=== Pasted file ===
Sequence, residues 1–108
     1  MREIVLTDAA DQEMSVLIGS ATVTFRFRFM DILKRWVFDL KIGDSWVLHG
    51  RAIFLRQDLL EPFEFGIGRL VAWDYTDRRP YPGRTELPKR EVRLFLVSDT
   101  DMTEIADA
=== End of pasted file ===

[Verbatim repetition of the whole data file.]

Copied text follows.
Sequence, residues 1–108
     1  MREIVLTDAA DQEMSVLIGS ATVTFRFRFM DILKRWVFDL KIGDSWVLHG
    51  RAIFLRQDLL EPFEFGIGRL VAWDYTDRRP YPGRTELPKR EVRLFLVSDT
   101  DMTEIADA